Whether you follow a fundamental process and find an asset that sells for sixty cents on the dollar; or you are a technician whose analysis indicates that a stocks behavior is demonstrating a positive risk to reward scenario, Greed without Fear exposes you to unknown factors. Greed tells you all the reasons why you should make the trade, Fear asks you to consider why you should not.

Yet most would rather be Greedy than Fearful. Perhaps because nothing that serves to check your passion is ever popular. Yet Fear, properly embraced, can serve you much better than Greed. Fear, unlike Greed, forces you to stop and ask yourself not what is it that my Greed will earn me, but what is it that my Greed will cause me to lose. That is Fear’s value to any new investor or trader.

Fear may not be as sexy as Greed, but it will make you a lot more money.

Monday, May 21, 2007

Competition Demystified - Book Review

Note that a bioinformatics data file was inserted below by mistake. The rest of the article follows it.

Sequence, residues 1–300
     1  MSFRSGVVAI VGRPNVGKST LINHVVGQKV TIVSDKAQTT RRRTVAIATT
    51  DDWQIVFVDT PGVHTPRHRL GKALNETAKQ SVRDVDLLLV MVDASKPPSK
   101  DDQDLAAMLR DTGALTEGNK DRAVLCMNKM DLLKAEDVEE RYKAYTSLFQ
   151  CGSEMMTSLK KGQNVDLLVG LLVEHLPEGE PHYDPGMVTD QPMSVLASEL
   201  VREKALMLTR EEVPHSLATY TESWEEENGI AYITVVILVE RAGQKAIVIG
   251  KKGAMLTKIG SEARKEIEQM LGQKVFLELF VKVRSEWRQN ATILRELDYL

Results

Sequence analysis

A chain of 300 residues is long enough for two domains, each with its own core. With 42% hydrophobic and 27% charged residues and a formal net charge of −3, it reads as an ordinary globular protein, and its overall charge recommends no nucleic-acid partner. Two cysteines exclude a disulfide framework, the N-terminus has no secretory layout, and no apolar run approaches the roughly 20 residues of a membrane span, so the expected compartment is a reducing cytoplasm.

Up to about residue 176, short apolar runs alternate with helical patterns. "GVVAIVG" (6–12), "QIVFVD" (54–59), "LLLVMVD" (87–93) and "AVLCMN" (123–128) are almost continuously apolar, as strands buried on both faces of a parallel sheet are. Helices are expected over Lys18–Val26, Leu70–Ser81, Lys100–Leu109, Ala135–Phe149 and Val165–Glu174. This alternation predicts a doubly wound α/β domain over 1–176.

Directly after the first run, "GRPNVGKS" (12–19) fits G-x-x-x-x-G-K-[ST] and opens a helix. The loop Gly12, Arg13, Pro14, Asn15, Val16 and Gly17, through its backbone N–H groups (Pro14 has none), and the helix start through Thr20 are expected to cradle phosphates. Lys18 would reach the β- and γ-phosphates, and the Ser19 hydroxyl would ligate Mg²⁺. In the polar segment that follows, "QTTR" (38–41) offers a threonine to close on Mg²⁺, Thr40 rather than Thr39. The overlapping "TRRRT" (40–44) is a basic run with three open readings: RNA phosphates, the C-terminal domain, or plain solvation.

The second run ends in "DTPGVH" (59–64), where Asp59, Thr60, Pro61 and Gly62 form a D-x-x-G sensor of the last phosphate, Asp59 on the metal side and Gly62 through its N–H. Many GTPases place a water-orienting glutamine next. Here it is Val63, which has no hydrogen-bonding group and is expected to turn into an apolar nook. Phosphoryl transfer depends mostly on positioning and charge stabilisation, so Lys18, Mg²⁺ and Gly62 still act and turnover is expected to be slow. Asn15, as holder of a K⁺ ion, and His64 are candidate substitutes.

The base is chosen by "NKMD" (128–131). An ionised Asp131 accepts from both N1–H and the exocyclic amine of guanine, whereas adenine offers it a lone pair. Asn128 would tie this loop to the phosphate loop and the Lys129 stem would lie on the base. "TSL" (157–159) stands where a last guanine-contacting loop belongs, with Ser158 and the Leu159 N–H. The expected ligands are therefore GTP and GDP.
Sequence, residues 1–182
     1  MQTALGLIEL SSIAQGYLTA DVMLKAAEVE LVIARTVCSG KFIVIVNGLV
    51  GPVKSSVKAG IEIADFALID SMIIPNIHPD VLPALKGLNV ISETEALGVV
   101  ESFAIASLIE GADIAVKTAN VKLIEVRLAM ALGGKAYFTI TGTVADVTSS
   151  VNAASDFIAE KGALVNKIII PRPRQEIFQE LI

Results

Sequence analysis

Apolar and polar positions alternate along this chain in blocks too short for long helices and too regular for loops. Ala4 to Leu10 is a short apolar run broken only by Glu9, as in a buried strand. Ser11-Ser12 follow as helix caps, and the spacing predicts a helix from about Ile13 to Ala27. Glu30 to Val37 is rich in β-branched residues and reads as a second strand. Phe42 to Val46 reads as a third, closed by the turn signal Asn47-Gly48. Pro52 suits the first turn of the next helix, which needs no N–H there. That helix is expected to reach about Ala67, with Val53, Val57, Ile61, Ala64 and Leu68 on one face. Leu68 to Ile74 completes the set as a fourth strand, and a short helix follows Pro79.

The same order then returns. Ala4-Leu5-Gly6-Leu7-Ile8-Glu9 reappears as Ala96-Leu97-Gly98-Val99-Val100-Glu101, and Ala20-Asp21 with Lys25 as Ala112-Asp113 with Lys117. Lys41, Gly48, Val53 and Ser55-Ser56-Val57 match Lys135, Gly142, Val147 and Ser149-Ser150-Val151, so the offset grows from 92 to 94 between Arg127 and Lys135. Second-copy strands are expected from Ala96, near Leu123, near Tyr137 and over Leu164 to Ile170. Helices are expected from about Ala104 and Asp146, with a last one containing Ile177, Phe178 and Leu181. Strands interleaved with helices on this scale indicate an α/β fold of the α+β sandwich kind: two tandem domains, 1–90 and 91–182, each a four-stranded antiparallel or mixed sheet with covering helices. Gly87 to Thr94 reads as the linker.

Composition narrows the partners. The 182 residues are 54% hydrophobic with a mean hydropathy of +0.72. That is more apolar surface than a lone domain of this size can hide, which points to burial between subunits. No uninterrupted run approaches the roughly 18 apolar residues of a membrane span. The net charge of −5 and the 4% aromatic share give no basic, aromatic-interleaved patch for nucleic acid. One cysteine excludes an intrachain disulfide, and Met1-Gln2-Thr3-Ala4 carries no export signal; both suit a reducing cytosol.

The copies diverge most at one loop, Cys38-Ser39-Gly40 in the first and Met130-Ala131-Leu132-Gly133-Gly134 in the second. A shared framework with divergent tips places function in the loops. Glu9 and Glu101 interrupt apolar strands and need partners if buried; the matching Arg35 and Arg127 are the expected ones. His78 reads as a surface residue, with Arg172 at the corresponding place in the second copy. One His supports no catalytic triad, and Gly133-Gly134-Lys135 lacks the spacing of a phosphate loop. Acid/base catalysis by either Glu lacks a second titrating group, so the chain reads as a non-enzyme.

Competition Demystified: A Radically Simplified Approach to Business Strategy

What Is It About?

The book devotes itself to understanding and explaining how to analyze the competitive advantage a business may or may not posses. The book simplifies the analysis, arguing that a competitive advantage analysis simply determines whether there exits barriers of entry that protect the incumbent firm.

What Did I Get Out Of It As A New Investor?

A straight forward book which explains competitive advantage in a manner easy for the new investor to understand. Using discussion and case study, the authors explains how an investor should determine whether a competitive advantage exists in the firm under review. The best part of the book is a simple decision tree that repeats throughout the book, showing how too quickly asses any competitive advantage that may exist. One of the better books I have read that added to my development as a new investor.

The Good News

Understandable without sacrificing depth, this book does a great job demonstrating to a new investor the required analysis for finding competitive advantages.